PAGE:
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When Nicaragua Protests: A Vineyard Missions Interview with David Crim about the realities of the short-term missionary re-entry process

Vineyard Missions recently interviewed David Crim, a member of Inverness Vineyard Church in Birmingham, Alabama, after his trip to Nicaragua concerning the ins and outs of short-term missions trip re-entry into regular life for a blog series. He regularly travels to Nica and leads teams to minister or to work. Some political things going on while he was in-country and after his return home this time made for a more difficult re-entry for him and his wife, Christina.

We had to edit down many of his replies for that blog piece. But because David’s answers provide some deeper looks into what a difficult re-entry can feel like, and he offers some encouragement for leaders and members who may be having a more difficult re-entry process, we are sharing the transcript of his entire interview here.

Name: David Crim, member Inverness Vineyard, Alabama
Location of Short-term Service: Nicaragua
Length of time away: 1 week
Age during trip: 40 yrs old

Previous World Missions Experience: I have been actively involved in Nicaragua for 12 years now. I have traveled there at least once a year every year since 2006. Some years I went 2 - 3 times. My experiences on the ground have included everything from building construction, ministry and outreach in all forms, and providing soul care for missionaries.

How long have you been home from your most recent trip?

Just over a month

What letter grade would you assign to your most recent returning home experience?  and WHY?

There’s always a time of reflecting and thinking how things went or should have gone. There are times when we miss our friends, and often, we are trying to remember if we actually got to see everyone in the areas we served.

This time, for the first time, I was not comfortable coming home and leaving my long-time friends and the people I care for deeply. I guess I’d grade it a D. The reason being is, in the week we were there protests were happening about the government’s lack of urgency when dealing with a rain-forest fire that was destroying families’ livelihoods. The protests were peaceful and the fires were extinguished eventually.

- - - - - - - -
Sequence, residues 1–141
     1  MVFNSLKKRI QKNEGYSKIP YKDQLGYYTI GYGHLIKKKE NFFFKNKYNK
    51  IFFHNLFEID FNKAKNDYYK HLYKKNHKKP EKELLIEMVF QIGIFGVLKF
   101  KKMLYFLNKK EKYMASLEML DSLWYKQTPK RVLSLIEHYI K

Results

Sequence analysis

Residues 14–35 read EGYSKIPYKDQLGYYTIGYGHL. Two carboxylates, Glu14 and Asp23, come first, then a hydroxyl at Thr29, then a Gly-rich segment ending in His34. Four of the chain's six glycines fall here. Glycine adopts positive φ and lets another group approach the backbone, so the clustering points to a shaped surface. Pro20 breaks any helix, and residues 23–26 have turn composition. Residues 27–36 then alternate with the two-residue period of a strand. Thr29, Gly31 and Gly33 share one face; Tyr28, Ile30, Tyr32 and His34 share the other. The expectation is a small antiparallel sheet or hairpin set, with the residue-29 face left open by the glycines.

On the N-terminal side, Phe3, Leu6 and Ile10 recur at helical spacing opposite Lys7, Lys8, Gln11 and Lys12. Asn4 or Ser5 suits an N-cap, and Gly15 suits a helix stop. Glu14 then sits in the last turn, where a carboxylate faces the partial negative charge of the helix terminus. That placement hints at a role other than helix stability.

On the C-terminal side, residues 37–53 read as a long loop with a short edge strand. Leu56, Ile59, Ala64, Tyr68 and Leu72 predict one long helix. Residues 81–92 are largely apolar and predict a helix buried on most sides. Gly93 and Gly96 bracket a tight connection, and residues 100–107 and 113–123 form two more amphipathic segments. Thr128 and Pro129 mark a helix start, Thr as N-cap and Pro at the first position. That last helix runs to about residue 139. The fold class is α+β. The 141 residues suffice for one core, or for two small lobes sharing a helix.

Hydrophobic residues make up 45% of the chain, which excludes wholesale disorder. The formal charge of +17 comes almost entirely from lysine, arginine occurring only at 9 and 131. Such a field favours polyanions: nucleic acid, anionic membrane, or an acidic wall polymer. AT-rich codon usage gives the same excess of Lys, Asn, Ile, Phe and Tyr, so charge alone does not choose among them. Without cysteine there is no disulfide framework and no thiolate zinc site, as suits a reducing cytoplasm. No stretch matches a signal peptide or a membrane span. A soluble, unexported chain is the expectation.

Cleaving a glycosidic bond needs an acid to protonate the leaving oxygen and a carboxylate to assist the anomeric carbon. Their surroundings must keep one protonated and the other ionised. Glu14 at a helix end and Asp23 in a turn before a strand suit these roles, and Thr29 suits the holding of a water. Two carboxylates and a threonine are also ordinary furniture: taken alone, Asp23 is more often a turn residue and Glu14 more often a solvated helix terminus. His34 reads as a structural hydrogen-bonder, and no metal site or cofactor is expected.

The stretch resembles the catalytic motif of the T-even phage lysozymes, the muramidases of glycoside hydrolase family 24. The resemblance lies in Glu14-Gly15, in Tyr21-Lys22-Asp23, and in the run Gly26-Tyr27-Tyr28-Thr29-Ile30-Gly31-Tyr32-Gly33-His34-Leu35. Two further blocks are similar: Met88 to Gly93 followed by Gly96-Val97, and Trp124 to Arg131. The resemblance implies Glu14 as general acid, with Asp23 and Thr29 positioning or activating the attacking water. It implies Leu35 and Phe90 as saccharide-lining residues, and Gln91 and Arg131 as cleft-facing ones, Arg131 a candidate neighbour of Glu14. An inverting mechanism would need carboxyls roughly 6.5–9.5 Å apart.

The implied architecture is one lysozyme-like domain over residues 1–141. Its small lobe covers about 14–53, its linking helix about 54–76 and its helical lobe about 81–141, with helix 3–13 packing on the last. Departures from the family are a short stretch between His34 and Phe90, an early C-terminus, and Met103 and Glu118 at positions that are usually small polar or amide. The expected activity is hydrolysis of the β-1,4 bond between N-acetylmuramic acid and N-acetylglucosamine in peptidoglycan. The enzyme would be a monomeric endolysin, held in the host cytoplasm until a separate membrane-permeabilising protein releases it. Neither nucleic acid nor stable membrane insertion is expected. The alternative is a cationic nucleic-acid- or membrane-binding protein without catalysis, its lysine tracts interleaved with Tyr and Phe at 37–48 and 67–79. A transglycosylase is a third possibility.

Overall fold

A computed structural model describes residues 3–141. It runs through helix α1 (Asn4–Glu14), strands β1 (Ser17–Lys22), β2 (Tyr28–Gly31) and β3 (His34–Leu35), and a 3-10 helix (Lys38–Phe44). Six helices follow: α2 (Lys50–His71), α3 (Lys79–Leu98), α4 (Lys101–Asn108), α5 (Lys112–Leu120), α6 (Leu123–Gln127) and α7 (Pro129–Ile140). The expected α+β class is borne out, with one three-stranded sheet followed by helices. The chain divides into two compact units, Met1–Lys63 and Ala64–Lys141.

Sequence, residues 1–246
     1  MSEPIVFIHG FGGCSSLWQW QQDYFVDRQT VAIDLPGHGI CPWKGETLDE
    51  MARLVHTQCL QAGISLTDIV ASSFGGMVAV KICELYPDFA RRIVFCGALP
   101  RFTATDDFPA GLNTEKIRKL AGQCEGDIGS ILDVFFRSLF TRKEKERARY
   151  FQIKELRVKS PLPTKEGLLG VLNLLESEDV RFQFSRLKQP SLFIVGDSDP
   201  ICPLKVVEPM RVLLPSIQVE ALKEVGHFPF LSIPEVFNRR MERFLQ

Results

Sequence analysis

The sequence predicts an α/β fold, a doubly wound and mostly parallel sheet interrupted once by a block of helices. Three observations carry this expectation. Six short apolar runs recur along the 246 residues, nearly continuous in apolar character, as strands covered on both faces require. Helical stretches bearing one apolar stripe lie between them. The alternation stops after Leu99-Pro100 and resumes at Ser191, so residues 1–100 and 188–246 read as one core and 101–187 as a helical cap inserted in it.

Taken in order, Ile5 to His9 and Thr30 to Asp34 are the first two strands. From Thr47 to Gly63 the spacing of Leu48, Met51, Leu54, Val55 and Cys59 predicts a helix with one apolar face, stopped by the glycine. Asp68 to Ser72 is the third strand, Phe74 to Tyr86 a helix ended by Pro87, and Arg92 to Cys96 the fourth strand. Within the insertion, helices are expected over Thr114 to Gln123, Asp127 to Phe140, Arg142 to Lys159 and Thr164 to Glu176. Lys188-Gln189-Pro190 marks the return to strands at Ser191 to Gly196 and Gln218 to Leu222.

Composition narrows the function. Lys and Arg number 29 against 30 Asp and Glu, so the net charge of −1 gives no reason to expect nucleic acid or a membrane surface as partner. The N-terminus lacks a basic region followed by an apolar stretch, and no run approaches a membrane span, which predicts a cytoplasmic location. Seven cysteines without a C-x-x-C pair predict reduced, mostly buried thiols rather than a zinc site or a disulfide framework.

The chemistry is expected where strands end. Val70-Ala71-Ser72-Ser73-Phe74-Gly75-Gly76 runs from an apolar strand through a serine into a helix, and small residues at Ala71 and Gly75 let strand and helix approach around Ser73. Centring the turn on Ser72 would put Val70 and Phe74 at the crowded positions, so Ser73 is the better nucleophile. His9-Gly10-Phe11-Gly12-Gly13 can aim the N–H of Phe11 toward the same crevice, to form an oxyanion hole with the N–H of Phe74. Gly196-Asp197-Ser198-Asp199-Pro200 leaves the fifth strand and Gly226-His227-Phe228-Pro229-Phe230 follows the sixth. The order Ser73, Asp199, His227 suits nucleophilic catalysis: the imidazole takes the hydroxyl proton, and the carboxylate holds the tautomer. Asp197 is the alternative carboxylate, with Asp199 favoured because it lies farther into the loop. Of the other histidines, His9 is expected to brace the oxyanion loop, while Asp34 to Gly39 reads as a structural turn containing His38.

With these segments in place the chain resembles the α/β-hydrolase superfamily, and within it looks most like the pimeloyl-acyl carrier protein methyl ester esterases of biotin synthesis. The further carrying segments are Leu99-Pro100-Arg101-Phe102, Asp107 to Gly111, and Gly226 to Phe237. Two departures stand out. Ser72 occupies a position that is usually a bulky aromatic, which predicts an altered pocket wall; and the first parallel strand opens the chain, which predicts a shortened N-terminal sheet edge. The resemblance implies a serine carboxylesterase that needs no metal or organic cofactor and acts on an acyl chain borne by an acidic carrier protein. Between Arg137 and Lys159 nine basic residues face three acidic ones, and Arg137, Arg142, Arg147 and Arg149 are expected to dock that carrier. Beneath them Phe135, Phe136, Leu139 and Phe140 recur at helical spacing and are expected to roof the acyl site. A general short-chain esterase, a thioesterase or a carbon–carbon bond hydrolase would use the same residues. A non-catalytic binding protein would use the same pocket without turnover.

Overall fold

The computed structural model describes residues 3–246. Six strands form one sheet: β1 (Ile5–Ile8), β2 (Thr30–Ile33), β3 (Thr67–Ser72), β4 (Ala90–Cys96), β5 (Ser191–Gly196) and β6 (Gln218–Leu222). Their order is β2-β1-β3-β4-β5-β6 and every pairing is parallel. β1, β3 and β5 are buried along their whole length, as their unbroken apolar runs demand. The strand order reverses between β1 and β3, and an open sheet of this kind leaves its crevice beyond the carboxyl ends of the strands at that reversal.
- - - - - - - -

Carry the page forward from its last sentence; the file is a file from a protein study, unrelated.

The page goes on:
We came home on the 15th of April, and on the 17th the government of Nicaragua announced a new tax plan for social security which would basically cost them more in taxes but pay out less in benefits. This did not sit well with the people, and the protests started back up, but this time the government countered. The national police were actually instructed to kill innocent protesters in some instances. Fast forward to now, several weeks later, and there are over 60 people dead (a couple of whom were family to some of our friends), and the government rescinded the tax plan, but it is too late for those who died and for those who lost a family member or friend. The people of Nica are fed up with their dictator Daniel Ortega and want him out.

My wife and I try to keep in touch with our friends there daily and the turmoil has caused us many nights lying in bed crying together, and crying out to our Father to protect not just our friends, but all the people of Nica.

The first couple of weeks were very emotionally draining, as I realized there is literally nothing I can do (I’m a fixer by nature and tend to want to make things better for people). This seems like a start to another long “revolution” for the people of Nica, and even now I am realizing that my prayers are what they need most until I can get back down there with aid and supplies. They need the Lord to comfort and guide them to take back their country. I have been reminded several times that this doesn’t surprise God and He is still in control.

What other “emotional load” were you carrying during your re-entry time?

Our oldest son just moved back home and we have been helping him get on his feet.

Did you know about and prepare for re-entry before you left or began to transition home from Nicaragua? How?